International Women in Engineering Day is celebrated on June 23 every year around the world, to honor women in the field of engineering. It focuses on raising the profile of women who are changing the field of engineering. To help celebrate the day and the important role diversity plays for every team, we thought we’d profile one of our own engineers — Mariessa Logan — and her thoughts on getting into the field and helping other women do so too.
What is your role at Airship?
I’m on the security team. I do application testing of all our tools. I check for vulnerabilities and work with engineers and developers to fix them. I also work on sales-related projects, including working with customers to make sure they’re using the Airship platform securely.
What was your path to the role that you hold today?
It was a winding path for sure. I got an undergraduate degree in French studies. I had big dreams of being a poetry translator. There were not a lot of translator jobs out there because software was taking over translation. So, I decided to learn to write software. I thought that would at least give me job security.
I started out working in call centers and then went back to school for a computer science degree — Oregon State University’s post-baccalaureate online program. That’s when I fell into cybersecurity. I have to learn something new every single day and my brain loves that.
Do you have friends or family or other people who helped you make that career decision?
I was the driver of all that. But I have many friends who are in various forms of software development. I definitely went to them and said, “Hey, I want to do this. What’s the best way?”
As you were making that transition, what did you find most challenging?
I was surprised by the language crossover. When you’re learning a second language, you also have to learn to think in the culture it originates in, especially idioms. When I was learning programming languages, I realized I had to learn to think like a computer. It’s weird to say, but I had to embrace the culture of a computer, which is more binary.
How do you stay abreast of new technology?
There are all kinds of sources out there for learning and hearing about the new stuff coming out. I look at a lot of newsletters, such as KrebsOnSecurity. The government is publishing stuff all the time now, including CISA. And, of course, we all use Reddit.
During the five years you’ve been in engineering, have you gained a broader perspective on why it’s important for more women to enter the field?
On my first job, my entire team of 15-20 were men. It’s an older company and I was the first woman they had hired ever. It was a bit jarring that first day when I walked in and sat down. I was thinking, “Okay, there’s nobody else at the table that’s a little bit like me … this is kind of weird.” It turned out the team was great and there weren’t any issues. But you see this imbalance even more when you go out to conferences.
I think having diverse perspectives is so important when you’re creating software or securing a network. I’ve done what I can to help other women when I meet them and talk them through their career goals. I’ve been trying to be an advocate for women in the industry. I tell them, “Yes, you can do it. It’s fine.”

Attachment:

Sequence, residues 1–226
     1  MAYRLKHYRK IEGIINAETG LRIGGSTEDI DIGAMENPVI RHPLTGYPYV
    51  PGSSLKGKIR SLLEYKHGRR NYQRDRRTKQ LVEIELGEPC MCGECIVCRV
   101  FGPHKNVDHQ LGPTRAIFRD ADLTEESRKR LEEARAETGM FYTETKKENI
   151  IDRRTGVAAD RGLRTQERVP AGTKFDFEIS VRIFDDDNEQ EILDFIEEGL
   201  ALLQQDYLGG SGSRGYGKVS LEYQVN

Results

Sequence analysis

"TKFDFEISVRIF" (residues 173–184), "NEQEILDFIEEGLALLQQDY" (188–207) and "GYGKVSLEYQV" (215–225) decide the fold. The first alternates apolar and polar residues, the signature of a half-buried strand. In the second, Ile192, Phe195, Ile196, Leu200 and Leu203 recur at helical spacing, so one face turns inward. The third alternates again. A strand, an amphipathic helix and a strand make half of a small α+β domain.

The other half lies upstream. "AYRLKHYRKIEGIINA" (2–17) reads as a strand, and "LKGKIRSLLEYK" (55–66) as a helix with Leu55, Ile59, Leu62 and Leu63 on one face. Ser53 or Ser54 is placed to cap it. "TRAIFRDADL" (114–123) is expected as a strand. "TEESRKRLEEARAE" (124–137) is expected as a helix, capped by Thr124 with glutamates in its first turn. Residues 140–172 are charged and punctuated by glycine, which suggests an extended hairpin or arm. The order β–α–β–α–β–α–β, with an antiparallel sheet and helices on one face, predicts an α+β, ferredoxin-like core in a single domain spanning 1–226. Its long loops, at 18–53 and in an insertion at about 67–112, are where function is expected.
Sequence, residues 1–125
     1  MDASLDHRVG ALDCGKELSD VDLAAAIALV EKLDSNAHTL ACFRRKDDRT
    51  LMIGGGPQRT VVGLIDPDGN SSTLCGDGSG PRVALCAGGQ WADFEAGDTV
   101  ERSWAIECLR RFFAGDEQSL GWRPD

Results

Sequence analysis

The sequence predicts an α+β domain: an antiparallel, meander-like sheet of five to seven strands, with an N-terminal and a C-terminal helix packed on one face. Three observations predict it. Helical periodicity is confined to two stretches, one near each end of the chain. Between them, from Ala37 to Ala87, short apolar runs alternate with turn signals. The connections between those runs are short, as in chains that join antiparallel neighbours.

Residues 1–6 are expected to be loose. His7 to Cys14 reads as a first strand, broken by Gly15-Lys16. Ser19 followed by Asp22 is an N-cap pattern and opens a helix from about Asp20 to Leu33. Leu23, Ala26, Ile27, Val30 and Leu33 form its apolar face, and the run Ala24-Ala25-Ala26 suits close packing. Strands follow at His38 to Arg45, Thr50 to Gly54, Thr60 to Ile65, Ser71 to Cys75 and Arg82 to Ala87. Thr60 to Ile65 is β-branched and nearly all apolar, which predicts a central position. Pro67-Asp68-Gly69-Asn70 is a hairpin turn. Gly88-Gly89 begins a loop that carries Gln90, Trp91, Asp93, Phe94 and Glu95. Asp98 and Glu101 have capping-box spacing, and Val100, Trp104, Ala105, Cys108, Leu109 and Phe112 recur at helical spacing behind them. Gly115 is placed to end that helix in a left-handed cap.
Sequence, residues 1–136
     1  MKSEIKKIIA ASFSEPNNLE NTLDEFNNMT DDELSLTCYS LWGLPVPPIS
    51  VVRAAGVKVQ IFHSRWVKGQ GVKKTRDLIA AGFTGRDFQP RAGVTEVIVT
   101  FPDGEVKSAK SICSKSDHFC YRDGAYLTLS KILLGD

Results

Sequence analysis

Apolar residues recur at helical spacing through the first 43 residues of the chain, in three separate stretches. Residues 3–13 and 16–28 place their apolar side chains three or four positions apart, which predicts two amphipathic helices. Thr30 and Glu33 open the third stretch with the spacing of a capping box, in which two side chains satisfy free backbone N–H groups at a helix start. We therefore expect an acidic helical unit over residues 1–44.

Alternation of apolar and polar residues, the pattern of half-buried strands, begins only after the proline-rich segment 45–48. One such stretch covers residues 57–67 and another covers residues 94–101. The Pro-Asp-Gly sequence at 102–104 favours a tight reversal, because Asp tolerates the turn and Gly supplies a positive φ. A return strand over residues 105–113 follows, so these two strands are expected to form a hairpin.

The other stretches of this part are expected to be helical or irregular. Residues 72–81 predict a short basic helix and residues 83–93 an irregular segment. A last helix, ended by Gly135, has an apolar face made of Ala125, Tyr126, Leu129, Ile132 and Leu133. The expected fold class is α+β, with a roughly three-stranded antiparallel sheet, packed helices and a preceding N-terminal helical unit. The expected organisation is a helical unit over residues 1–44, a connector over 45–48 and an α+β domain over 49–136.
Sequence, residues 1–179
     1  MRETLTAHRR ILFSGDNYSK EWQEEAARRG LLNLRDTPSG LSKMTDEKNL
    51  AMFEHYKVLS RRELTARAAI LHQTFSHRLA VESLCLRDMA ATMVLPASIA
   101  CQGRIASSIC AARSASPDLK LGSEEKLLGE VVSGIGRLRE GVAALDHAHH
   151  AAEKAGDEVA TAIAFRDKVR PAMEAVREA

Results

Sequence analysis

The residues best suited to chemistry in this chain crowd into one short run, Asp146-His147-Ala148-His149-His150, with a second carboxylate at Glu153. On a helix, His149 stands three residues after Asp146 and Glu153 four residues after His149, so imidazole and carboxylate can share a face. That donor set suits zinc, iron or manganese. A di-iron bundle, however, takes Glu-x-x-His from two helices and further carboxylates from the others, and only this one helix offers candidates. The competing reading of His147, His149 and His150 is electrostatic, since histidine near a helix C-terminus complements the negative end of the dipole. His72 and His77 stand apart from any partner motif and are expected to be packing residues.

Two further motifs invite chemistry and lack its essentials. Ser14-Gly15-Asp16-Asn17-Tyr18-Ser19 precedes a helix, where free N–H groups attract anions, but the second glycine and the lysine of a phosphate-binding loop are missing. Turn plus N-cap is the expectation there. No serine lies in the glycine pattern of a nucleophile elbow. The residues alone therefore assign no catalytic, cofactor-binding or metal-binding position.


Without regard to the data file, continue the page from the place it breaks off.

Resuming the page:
It helps me that I’m part of an organization, Women in Cybersecurity. I was pretty discouraged when I first joined that other team and I was the only woman there. But I realized there’s been a lot of movement in cybersecurity to add more women. We were 13% women in the workforce for cybersecurity about five years ago. Now it’s up to 24%, which is significant. That could keep moving forward, and organizations like WICYS can help.
Can you talk about your experience as a female engineer working at Airship?
I’m coming up to a year at the end of July. So far, working at Airship has been great. I don’t feel I’ve had a different experience here because I’m a woman, which is a rare feeling. I feel like I’ve just been a security engineer, rather than a female security engineer.
For International Women in Engineering Day. What is the most important message you want to send young women as they think about their careers?
People told me there would be a lot of roadblocks. Because I’m a woman, I would have to fight to be respected. It turned out to be not as bad as that. The more women who do it, the easier the road gets for the next generation.
What were the roadblocks or hurdles that you had to overcome? And how did you do that?
One of the major things I ran into was going to conferences, because you’re running into a lot of different people and personalities. I went to a party once and people kept stopping me and telling me I was in the wrong place. I was with my husband, who’s not in cybersecurity or technology, and they weren’t saying that to him.
I think one of the hurdles I had to get over was walking into a room filled with people who didn’t think I belonged there. That was early in my career, so I didn’t really want to speak up because I was still learning. I’m still learning today, but now I can walk in with confidence and own my role and broader contributions to the team and company. I think one of the biggest hurdles to get over is imposter syndrome, which everybody has to deal with.
If you have questions for Mariessa Logan, you can reach her on LinkedIn. For more on what Airship is doing to increase diversity and inclusion throughout our company, and especially STEM careers, check out our blog post on Now+Next.
Subscribe for updates
If the form doesn't render correctly, kindly disable the ad blocker on your browser and refresh the page.
- About AXP
- About Data Privacy
- About MAX
- Airship News & Updates
- Analytics & Data
- Best Practices
- Digital Marketing Trends
- Engagement Channels
- Lifecycle Marketing
- Marketing Orchestration